Unfortunately my camera died just as the first band (Denton’s own Fight Bite) took the stage. Luckily for us, it’s 2009:
“Baltihorse” and “The Crystal Cat”
“Silence Like the Wind”
…and today Silence in Architecture morphs into TMZ Lite.
As was already reported by Gorilla vs. Bear, Crystal Castle’s scheduled concert in Dallas last night hit an Axl Rose-sized snag when said band decided to pretend they were actual rock stars. That is to say, they kicked SiA-approved openers VEGA off the bill for allegedly jacking equipment and proceeded to cancel the show altogether, citing the Grenada’s supposed lack of an adequate sound system. As someone who has witnessed a few (great) shows at the Grenada, I’m having a tough time swallowing that swill. In addition, Alan Palomo of VEGA adamentally denies the former accusation. Taking into account that the Grenada backs Palomo’s version of the story and he is a friend of Jezy, I’m much more apt to discount CC’s frankly ludicrous statements.
While I’m sure the crowd was quite perterbed by CC’s diva-ish behavior, we can fortunately report that the situation didn’t escalate into a Montreal-style Guns ‘N Roses riot; perhaps because the ironic mulleted fan is less hopped up on testosterone than the real deal. In any case, the Grenada and VEGA appear to come out as the more mature participants in this rather silly, yet unfortunate, drama.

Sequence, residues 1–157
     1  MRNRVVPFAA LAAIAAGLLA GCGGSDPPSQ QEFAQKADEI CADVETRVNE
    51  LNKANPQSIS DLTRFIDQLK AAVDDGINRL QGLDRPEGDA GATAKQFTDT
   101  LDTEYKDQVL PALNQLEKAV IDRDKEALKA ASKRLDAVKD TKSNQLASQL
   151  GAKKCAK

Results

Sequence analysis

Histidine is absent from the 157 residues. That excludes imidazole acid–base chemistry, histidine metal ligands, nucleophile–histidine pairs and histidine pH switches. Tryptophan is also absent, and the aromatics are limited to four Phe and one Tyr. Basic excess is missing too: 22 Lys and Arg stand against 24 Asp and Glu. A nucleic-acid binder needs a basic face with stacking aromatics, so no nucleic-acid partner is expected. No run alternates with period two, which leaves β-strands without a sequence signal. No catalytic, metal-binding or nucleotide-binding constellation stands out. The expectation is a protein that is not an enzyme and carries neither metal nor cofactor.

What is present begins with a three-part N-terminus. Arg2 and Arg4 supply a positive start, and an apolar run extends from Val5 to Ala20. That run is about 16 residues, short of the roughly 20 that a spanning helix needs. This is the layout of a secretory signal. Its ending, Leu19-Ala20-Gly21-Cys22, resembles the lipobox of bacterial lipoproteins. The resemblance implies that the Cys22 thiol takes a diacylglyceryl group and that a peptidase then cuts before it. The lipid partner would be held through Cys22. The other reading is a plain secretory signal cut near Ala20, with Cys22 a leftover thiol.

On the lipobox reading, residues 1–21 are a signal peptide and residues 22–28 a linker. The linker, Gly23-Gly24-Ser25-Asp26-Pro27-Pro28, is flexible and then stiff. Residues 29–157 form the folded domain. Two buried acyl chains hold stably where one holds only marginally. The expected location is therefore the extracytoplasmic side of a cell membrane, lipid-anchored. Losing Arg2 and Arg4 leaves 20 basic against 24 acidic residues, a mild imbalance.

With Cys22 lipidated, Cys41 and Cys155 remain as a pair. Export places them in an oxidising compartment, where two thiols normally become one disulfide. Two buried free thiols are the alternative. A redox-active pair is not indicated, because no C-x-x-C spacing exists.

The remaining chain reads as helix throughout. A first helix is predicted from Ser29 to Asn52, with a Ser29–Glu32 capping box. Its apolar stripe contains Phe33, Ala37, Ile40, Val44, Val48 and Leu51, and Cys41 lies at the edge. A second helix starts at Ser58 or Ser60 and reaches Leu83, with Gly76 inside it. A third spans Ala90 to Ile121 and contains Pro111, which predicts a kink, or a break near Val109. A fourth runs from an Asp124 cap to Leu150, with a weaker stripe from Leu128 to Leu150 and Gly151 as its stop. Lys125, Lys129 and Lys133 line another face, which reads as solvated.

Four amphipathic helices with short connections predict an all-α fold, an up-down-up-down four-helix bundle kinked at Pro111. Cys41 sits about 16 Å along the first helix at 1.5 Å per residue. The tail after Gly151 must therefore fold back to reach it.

So here’s my brief lecture for Crystal Castles: It is unwise to begin acting like Rock Stars hopped up on diva juice before you prove yourself capable of actual stardom. At least when Lars and Axl decided to shit on their fans they had already sold millions of records. Most people stole your debut and the recycle bin is just one mouse click away.
Suck on that 8-bit shit, fuckas.
“So Young” was the first song on Suede’s classic self-titled debut, and the following is taken from the concert video “Love & Poison”. Suede and the follow-up, Dog Man Star, are two of my favorite albums. Whenever I watch their live performances I’m reminded of the dearth of legitimate rock stars left on this planet. They certainly had charisma out the arse.
The basilisk is a Latin American lizard that can walk on water for close to 15 feet before sinking, thus earning the nickname “the Jesus Christ Lizard”. The Jesus Lizard were a Chicago-based rock band (formed by Scratch Acid‘s David Yow) who crucified their audiences with spikes of sound. If you don’t own any of their albums, grab either Goat (1991, Touch and Go) or Liar (1992, Touch and Go) immediately. Then work your way into the rest of the band’s somewhat patchier discography. The band has reunited and scheduled a few shows for 2009, so if you have the chance, go out and see them do this thing in person: